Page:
photo: John Powell

En route to Utah, an unsuspecting town has started to become a true mountain bike destination. Bentonville, Arkansas. That name may sound familiar. Bentonville is home to WalMart and the Walton family. Through the Walton Family Foundation, the Waltons have invested heavily into the local cycling community to the tune of $74 million over the last 10 years to build 163 miles of paved and unpaved bike trails. In an area that already boasts over 500 miles of riding trails, the Waltons have created almost 30 miles of trails and man-made jumps, bridges, berms, and obstacles. It’s like Disneyland for mountain bikes. After playing for a couple days in the land of ‘everyday low prices’, the journey to Moab continued.
The upper elevations of Burro Pass had already seen its first snowfalls, making it unrideable. They settled on doing half The Enchilada, which when you’re hungry, half an enchilada is better than none at all.
Moab is famous for its seemingly endless amount of slickrock trails and The Whole Enchilada is like the ‘Best of Utah Mountain Biking’ bundled into one long, strenuous day of fun. John and Kirk had gambled on their timing and lost that bet. Several more friends met up with them for the remainder of the Moab adventure and they got five days of phenomenal riding. Searching for their final campsite in Moab, John looks over to Kirk and says, “I found this spot on Google Earth that looks beautiful. We should check it out.” Which in photographer-ese means: “I want to go waaaayyyyy off-course because I identified some features on satellite imagery which make me think it might be a good location to shoot photos.” As they turned off the main highway, the road turned to dirt, which then turned into dirt and rocks with a cliff on one side, and then narrowed to the point where if a vehicle was coming from the other direction, one of them would have to put it into reverse until they found a place where they could squeeze past each other. Google Earth did not show that part. They eventually reached a point where the road widened enough to turn around. The road continued on, but it was getting closer to sunset and Kirk did not seem to be enjoying himself or the current road conditions. By the time they got back to the highway, it was dark and they opted to find a hotel for the night.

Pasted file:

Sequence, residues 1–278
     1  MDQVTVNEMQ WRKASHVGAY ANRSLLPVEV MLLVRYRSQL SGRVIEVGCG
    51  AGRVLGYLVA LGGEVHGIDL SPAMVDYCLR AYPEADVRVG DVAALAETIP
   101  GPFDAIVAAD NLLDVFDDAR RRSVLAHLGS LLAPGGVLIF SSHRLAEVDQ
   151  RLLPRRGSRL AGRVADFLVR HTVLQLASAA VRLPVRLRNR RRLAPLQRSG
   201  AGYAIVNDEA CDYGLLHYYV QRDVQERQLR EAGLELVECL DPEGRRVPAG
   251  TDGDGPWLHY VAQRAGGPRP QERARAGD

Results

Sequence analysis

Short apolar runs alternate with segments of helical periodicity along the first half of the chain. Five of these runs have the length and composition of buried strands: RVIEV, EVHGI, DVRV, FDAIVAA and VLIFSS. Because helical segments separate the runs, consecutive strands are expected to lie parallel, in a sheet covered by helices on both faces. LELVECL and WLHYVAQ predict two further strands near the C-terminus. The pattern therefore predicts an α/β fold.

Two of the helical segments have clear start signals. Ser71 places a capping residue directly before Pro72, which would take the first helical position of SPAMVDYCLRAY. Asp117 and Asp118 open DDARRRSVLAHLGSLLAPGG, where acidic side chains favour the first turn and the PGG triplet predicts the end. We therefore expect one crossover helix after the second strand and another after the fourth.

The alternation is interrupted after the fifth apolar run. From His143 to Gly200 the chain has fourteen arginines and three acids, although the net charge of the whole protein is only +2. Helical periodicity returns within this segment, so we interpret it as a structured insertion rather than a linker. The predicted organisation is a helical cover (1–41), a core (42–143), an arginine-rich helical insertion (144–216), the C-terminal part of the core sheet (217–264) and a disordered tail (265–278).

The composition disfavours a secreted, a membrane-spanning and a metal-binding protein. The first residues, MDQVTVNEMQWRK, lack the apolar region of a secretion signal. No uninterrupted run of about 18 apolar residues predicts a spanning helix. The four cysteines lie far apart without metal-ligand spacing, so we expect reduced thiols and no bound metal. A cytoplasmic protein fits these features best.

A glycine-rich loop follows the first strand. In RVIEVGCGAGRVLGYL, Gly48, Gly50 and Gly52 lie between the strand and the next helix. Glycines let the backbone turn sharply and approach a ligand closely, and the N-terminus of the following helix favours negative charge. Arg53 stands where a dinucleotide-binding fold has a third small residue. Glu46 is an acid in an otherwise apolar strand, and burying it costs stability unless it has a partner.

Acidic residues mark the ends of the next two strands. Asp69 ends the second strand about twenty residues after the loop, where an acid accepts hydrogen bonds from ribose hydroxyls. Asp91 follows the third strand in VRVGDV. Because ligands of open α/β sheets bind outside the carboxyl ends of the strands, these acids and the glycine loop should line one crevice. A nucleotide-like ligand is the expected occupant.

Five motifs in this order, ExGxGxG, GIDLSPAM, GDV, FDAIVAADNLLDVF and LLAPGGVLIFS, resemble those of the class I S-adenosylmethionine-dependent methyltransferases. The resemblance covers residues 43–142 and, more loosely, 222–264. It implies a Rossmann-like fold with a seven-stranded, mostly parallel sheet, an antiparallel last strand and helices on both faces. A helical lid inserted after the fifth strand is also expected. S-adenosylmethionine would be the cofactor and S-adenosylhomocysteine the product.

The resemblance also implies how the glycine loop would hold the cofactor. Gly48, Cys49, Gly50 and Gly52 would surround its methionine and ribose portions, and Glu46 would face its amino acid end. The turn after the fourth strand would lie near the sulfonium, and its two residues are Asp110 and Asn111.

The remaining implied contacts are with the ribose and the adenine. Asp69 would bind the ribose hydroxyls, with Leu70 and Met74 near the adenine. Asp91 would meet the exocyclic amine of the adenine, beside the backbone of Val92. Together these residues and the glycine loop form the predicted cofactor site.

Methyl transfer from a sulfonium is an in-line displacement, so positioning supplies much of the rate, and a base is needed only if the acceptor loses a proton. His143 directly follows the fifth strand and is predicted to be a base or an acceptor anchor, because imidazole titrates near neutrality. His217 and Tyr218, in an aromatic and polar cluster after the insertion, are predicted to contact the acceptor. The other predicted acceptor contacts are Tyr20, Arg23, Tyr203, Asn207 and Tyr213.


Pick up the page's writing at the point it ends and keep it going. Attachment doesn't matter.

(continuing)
Not the most idyllic setting for night photography or sunrise shots, but a shower wouldn’t be a bad idea either.